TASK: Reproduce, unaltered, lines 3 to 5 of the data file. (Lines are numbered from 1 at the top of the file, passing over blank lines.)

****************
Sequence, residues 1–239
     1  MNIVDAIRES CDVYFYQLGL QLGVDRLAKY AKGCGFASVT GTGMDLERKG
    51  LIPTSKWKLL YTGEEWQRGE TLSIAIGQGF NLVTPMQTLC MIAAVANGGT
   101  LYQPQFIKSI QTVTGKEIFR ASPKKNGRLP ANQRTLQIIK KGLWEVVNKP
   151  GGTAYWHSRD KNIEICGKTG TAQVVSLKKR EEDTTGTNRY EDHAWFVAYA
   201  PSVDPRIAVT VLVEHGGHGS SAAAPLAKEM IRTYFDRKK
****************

    51  LIPTSKWKLL YTGEEWQRGE TLSIAIGQGF NLVTPMQTLC MIAAVANGGT
   101  LYQPQFIKSI QTVTGKEIFR ASPKKNGRLP ANQRTLQIIK KGLWEVVNKP
   151  GGTAYWHSRD KNIEICGKTG TAQVVSLKKR EEDTTGTNRY EDHAWFVAYA